· Armor shell completely torn off frame.
· Major subassemblies torn free from frame.
· Loss of structural integrity - major frame or armor sections dragging or resting on floor.
· Total loss of power.
Judges may request the combatants to demonstrate operability of their robots drive train and/or weapon following the end of the match, before the arena doors are opened. Judges may inspect the Combatants robot after a match to determine how best to award damage points. The judges will not handle the Combatants robot. The driver or a designated team member will handle the Combatants robot. A member of the opponent's team may be present during any such inspection.
Damage self-inflicted by a robot's own systems and not directly or indirectly caused by contact with the other robot or an active arena hazard will not be counted for scoring purposes.
2.2.3 Scoring Control
Each robot is awarded a point in the Control category based on its demonstration of control of itself, its opponent, and the match. Length of time during which control is demonstrated, and the degree to which control is demonstrated, shall both be taken into account in the final determination of which robot showed superior control and is to be awarded the control point.
The degrees of possible control examples are...
Helpless. The robot is unable to demonstrate control, is barely mobile, or moves randomly or intermittently.
Occasional control. The robot may achieve a few shoves or wedge lifts on the opponent, or brings its weapon to bear a few times. It may dodge or escape a few of its opponent’s attacks. It shows some control of its position relative to its opponent. It often has to correct its aim while driving.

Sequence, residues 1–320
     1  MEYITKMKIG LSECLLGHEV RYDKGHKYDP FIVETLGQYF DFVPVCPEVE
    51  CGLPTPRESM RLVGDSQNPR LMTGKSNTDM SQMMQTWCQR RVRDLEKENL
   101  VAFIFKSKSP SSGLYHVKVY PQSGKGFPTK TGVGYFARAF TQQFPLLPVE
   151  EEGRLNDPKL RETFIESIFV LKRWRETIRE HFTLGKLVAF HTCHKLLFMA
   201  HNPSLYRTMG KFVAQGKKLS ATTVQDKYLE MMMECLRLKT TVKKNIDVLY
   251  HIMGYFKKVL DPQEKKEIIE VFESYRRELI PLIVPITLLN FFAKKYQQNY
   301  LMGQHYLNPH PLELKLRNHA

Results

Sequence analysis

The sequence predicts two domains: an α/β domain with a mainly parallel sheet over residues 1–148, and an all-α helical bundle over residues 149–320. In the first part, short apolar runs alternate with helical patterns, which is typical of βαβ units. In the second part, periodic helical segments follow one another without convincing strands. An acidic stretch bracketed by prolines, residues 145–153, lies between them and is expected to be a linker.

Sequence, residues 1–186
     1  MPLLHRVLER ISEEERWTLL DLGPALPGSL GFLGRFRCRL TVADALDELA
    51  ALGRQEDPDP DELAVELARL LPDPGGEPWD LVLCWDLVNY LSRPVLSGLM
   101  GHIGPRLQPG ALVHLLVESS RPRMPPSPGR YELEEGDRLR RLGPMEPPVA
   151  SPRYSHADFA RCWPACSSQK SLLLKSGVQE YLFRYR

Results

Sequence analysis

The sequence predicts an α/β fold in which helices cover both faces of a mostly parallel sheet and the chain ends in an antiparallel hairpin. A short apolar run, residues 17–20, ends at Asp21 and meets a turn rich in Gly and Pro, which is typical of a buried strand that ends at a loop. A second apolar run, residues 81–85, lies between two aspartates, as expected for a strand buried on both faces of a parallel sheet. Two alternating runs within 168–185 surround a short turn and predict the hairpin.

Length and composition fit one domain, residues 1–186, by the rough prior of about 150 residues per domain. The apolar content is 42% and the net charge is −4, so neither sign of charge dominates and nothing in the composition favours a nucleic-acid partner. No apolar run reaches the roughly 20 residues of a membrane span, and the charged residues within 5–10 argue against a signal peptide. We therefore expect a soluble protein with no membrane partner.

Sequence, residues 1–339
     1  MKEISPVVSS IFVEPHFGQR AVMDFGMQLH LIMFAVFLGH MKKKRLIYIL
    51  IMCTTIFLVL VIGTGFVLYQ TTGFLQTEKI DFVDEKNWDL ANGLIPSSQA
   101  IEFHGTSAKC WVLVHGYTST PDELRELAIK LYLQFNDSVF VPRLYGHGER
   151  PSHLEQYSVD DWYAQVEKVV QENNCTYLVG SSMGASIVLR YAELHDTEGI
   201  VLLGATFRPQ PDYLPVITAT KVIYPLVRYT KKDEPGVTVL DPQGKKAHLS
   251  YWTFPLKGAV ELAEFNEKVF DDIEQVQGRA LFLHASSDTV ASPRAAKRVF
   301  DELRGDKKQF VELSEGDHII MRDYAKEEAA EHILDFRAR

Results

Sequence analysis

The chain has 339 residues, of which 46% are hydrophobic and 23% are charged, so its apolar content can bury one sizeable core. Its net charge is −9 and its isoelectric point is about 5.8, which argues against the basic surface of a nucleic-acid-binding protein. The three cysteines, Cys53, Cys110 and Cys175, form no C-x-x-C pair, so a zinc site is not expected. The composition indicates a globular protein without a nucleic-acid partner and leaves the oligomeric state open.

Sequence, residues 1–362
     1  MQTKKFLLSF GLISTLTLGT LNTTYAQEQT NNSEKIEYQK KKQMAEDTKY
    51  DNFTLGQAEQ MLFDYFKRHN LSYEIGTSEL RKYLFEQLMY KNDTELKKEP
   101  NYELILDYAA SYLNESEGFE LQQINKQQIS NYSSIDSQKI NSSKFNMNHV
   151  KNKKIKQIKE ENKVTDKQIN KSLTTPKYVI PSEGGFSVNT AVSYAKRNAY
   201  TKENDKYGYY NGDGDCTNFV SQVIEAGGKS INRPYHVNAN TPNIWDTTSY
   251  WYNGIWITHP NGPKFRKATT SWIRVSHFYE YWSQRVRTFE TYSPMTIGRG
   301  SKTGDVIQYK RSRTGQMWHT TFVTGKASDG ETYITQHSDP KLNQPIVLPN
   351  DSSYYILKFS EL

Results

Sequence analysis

Adequate control. The robot achieves several attempted attacks, and some effective attacks. It avoids some of the opponent’s attacks. it only occasionally has to correct its driving aim
Good control. The robot executes many attempted attacks or several effective attacks. It dodges or escapes regularly. It generally drives to its target without correcting its aim. It can often compensate for its opponent’s motion.
Excellent control. The robot executes many quality attacks. It rarely misses its target. It dodges or escapes regularly and recovers quickly. It is rarely out of position relative to its opponent.
Transcendent control. The robot attacks at will and can stay on its opponent. It dodges most blows or escapes almost all attempts to lift, pin, or grapple. It rarely misses and does not need to stop to take aim or correct aim.
2.2.4 Scoring Style
This is the tricky one. Style can mean totally different things to different people, and in this circumstance, this is exactly as it should be. What this category of points is to indicate is how entertaining the judge (and hopefully the audience) thought the robot was in its battling.
Style can incorporate an effective strategy, where an obviously out powered bot reliably executes a manoeuvre designed to lessen the impacts of the other bot. It can incorporate using a tactic that is particular effective against that particular style of opponent (high-siding a wedge for example, or keeping a spinner rammed into the wall to prevent it from spinning up)
A recent example of strategic "Style" was Pinscher's jaws grabbing Arachnophobia in mid-spin with magnificent timing. The crowd roared its approval which highlights what the "Style" point is all about - something indefinable that nevertheless appeals and entertains
Style can be as simple as a team having a bot that "looks cool", whether through innovative mechanical engineering, or a novel themed paint job. More typically, style points would be given to the bot that shows the greater level of creativity, engineering, uniqueness, articulation, or motion. A plain steel box on wheels would not be likely to win many style points.
The style category can be summed up with some example Robots